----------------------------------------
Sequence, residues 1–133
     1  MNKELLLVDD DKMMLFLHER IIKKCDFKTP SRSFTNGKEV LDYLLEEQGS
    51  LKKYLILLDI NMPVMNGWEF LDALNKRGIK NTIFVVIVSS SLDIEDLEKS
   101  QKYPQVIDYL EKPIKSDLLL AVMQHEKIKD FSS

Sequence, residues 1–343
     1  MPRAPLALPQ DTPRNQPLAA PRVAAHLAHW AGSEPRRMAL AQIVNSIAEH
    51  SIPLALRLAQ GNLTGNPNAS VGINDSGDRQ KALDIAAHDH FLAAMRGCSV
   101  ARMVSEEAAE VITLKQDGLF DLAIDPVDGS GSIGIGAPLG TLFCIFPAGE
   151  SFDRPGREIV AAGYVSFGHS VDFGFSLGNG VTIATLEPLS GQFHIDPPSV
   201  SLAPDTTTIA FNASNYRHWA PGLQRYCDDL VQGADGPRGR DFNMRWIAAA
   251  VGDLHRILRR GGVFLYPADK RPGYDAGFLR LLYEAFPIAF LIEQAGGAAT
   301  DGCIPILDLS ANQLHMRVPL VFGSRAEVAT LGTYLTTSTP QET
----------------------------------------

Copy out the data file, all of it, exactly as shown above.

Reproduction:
Sequence, residues 1–133
     1  MNKELLLVDD DKMMLFLHER IIKKCDFKTP SRSFTNGKEV LDYLLEEQGS
    51  LKKYLILLDI NMPVMNGWEF LDALNKRGIK NTIFVVIVSS SLDIEDLEKS
   101  QKYPQVIDYL EKPIKSDLLL AVMQHEKIKD FSS

Sequence, residues 1–343
     1  MPRAPLALPQ DTPRNQPLAA PRVAAHLAHW AGSEPRRMAL AQIVNSIAEH
    51  SIPLALRLAQ GNLTGNPNAS VGINDSGDRQ KALDIAAHDH FLAAMRGCSV
   101  ARMVSEEAAE VITLKQDGLF DLAIDPVDGS GSIGIGAPLG TLFCIFPAGE
   151  SFDRPGREIV AAGYVSFGHS VDFGFSLGNG VTIATLEPLS GQFHIDPPSV
   201  SLAPDTTTIA FNASNYRHWA PGLQRYCDDL VQGADGPRGR DFNMRWIAAA
   251  VGDLHRILRR GGVFLYPADK RPGYDAGFLR LLYEAFPIAF LIEQAGGAAT
   301  DGCIPILDLS ANQLHMRVPL VFGSRAEVAT LGTYLTTSTP QET